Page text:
‘M*A*S*H’ Star Loretta Swit Discussed What Margaret Would Be Like If the Show Still Aired

by Joe Rutland
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One of the great things about classic TV shows is that fans get to ask “what if” questions about these great shows like M*A*S*H. For instance, what might have happened to Margaret Houlihan after Korea? Would she be finding love again after her divorce from Donald Penobscott years earlier? If M*A*S*H were on TV today in new episodes, then where would Margaret actually be? We get a little insight from Swit about this question.

“My take on Margaret in the finale, she said she’s going to be in a hospital stateside, I would have not done that,” Swit says in an interview with TribLive. “I would have contributed something else, but that is what everybody decided to write for her and we had no input on that. (And) I said to them, ‘I don’t see that at all. She’s going on to the next war. Margaret was a 30-year-man.’

Loretta Swit of ‘M*A*S*H’ Sees Margaret Houlihan Headed Toward Vietnam

“Margaret was the female version of Harry Morgan (Col. Potter) … so she was probably on her way to Vietnam,” Swit says. “She was going to the next war. And, who knows romantically what happened to her, but her work was cut out for her, so that is what she would keep on doing. And then we would see how she coped with the life that would happen around her and how she would handle it.”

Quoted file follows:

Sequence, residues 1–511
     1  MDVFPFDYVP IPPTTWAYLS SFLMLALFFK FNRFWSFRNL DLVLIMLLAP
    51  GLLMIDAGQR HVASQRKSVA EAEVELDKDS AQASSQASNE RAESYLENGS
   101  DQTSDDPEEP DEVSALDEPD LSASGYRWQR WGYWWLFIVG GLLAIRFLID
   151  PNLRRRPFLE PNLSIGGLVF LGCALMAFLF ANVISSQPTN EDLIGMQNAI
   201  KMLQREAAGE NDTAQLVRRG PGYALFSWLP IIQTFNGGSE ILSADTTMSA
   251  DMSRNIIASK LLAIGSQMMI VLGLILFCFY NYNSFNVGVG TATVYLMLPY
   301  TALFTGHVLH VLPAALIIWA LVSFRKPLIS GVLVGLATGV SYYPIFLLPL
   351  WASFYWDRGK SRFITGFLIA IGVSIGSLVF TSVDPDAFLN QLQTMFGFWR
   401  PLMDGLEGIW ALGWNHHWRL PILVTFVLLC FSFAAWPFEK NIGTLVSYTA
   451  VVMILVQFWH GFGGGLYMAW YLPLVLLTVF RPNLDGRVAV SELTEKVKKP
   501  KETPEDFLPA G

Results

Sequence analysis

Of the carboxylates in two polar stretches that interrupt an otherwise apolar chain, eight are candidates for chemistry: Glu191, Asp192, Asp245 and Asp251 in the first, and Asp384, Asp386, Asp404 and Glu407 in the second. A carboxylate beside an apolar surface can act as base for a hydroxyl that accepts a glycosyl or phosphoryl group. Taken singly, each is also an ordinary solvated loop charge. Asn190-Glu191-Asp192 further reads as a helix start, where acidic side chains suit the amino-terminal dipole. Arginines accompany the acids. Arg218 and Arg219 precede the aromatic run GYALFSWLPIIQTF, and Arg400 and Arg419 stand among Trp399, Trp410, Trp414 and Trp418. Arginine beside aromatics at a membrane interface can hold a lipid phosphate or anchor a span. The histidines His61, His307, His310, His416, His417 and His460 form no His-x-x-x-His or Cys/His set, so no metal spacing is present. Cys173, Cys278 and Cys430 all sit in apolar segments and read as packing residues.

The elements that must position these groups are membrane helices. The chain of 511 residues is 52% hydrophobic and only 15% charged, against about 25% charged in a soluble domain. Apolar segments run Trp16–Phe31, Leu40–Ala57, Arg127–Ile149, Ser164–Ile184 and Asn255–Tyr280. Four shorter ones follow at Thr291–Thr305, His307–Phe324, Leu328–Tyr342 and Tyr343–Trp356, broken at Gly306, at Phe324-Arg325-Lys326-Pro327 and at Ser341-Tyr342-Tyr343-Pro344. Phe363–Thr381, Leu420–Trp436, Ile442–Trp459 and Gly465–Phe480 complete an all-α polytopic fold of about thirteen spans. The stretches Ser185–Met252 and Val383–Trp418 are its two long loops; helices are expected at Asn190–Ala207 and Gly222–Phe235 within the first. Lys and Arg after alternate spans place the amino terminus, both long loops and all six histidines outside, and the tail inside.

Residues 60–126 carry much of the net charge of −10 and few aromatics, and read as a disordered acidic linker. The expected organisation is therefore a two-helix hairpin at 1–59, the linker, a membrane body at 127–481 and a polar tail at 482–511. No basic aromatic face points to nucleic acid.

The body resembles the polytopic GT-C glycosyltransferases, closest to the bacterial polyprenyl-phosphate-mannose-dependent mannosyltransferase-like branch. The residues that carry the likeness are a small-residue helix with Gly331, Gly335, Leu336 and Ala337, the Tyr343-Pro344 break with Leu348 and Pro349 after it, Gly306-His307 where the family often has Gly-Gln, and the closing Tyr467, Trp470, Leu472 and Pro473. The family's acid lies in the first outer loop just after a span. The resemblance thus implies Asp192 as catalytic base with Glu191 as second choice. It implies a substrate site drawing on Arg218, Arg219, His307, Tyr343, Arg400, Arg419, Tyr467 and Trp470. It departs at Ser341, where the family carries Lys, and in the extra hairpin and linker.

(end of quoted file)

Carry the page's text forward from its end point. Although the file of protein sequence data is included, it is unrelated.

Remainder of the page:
Swit was and is part of a show that has legacy written all over it. M*A*S*H did start out as a situation comedy with every show going for laughs. That was the thrust of the first few seasons with comedy writers like Larry Gelbart around. It happened to be their strength and the show reflected the humor.

Show Would Take On More Serious Tone In Later Seasons

Of course, war is not full of laughs. When Gelbart and Gene Reynolds happened to leave the show, it actually gave more space for people like Alan Alda to take part in episodes. Alda, of course, played Hawkeye Pierce throughout the show’s entire run. But the actor also had a hand in writing scripts and even directing episodes. The tenor of M*A*S*H would change in later seasons toward a more serious tone. Issues facing soldiers and nurses at the 4077th were becoming center stage in shows.

The laughs were there but the laugh track sometimes would not be as prevalent. Humor always did have a place in the show. Yet there were moments, like when Margaret divorces Donald, that brought more humanity to the issues in Korea. M*A*S*H also would let people see how the war affected Koreans themselves. For this and other reasons, the show remains a favorite for millions of people.

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